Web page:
Does Google SafeBrowsing Prove “Bad IP Neighborhood” Theory

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We all know about and probably use Google Safe Browsing tool – the best idea is to use it to identify one of the reasons of a possible Google penalty. For that use the following URL (add your domain at the end):

The above query will show you if Google has ever detected Malware on your site and also will invite you to check your site network(s) the domain is hosted on:

Google safebrowsing

Following the link you will be able to see your network information as well as some of your bad neighbors:

Google safebrowsing - network report

An interesting issue is being discussed over at WebmasterWorld forums: is the fact that Google analyses domains on the same network means it treats suspiciously your site if it has bad IP neighbors?

According to the official Google tech report [pdf] overviewing the detection system and data analysis methodology:

Interestingly, Anderson et al. [3] observed comparable IP space concentrations for the scam hosting infrastructure.

That said, Google appears to identify the interesting patterns:

  • Sites distributing Malware are usually hosted on different IP addresses, whereas:
  • Sites infected with Malware are often hosted within one IP range.

To conclude, citing from the thread above:

If you’re hosted at the same IP address as a troublesome spammer, then I have no doubt this could cause you problems. Otherwise, I think any impact is negligible. If you look at sites on the same IP, the same ranges or the same network then it’s easy to come across some crazy connections between sites. But I doubt it has any effect on a typical evaluation of a page for relevancy.

What do you think?

Ann Smarty

Ann Smarty

Brand amd Community Manager at Internet Marketing Ninjas
Ann Smarty is the blogger and community manager at Internet Marketing Ninjas. Ann's expertise in blogging and tools serve as a base for her writing,... Read Full Bio
Ann Smarty
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  • Dave

    Well Ann, I have to think there is something to be looking at here. What has me mostly interested in the recent patent granted to Google on host level spam detection;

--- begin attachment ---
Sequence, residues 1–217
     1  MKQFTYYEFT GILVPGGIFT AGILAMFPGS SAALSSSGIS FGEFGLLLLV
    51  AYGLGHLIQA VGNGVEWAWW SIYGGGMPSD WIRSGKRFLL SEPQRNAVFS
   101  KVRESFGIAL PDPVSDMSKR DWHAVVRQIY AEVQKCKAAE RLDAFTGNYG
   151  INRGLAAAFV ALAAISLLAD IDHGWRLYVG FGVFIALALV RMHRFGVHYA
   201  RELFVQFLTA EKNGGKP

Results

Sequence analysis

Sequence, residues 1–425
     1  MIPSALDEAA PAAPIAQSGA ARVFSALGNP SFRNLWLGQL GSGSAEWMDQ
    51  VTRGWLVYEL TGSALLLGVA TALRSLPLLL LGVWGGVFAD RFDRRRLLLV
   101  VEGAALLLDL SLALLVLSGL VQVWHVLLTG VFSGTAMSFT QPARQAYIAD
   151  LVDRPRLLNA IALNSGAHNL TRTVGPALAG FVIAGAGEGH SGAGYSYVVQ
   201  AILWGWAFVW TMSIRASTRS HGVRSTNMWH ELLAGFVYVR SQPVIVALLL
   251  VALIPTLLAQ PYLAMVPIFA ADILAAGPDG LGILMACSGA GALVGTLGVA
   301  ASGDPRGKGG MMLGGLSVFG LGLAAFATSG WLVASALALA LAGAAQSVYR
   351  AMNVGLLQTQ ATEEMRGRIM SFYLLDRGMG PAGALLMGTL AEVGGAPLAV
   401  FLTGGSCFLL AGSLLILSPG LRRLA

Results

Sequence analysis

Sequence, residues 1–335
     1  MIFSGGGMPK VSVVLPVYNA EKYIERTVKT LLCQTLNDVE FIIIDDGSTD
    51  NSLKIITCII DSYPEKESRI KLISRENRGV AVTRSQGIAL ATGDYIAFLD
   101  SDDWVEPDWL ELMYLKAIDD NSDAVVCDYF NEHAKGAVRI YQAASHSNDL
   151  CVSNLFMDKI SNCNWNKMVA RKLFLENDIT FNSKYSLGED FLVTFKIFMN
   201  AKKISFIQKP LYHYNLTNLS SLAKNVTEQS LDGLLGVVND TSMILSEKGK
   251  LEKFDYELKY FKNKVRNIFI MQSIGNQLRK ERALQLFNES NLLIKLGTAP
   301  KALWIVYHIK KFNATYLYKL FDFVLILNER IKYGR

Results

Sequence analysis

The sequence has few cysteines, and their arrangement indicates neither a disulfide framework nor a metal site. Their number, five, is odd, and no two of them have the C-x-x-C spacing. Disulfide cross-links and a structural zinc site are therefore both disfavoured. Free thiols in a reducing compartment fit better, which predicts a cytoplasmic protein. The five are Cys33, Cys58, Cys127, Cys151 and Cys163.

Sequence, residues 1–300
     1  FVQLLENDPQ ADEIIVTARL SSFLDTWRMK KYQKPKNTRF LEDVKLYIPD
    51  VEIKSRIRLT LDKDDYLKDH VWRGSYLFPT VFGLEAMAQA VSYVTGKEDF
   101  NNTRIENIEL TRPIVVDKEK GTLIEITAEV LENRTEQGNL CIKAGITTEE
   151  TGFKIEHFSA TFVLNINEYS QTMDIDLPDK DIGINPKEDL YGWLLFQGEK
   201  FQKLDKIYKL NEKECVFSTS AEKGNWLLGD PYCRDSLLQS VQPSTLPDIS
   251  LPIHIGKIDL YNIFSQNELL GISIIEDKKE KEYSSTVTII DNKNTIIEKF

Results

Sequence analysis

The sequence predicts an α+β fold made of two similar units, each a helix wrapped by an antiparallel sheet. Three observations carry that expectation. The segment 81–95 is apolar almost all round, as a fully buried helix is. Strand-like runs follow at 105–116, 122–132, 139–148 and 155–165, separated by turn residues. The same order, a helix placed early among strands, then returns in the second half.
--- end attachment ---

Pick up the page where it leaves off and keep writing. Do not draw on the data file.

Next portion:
There is every chance that being on a server with a bunch of spammers could actually be problematic…

    Alex (from Majestic) came by for a guest post on ways to look into it here;

    …. sooooo… it is def an area we should at least consider from time to time.

  • Thomas J. Raef

    We’ve run a number of tests and analysis on this issue.

    We found a website hosting malscripts (not malware, just infectious javascript leading visitors to a site hosting malware), we looked at the AS number and found other websites on that same IP address.

    Next, we used the Google Safebrowsing API to lookup the other websites on that IP address, then checked to see if the type of infection on any of those websites matched what we found on the original site.

    Our intention was to see if we could determine if it was a server breach or was it individual sites being compromised.

    The determining criteria we used was if the infection was martuz/gumblar or similar across all the sites, or, if the infectious code found on each was similar in obfuscation technique.

    Rarely, did we find any single IP address that had the same type or same method of malscript. (less than 1% of 1,000 IP addresses checked)

    This leads us to believe that the “blame game” that goes on for hosting providers, is pointless. Better than 99% of the time, it’s the fault of the website owner and not the hosting provider.

    At least that’s what we came away with.

  • SeoAntares

    Thanks! Interesting topic of SEO, I also asked “How GOOGLE evaluates multiple sites on one IP”

  • Mick Lehr

    If concerned; a dedicated server would be the best way to go.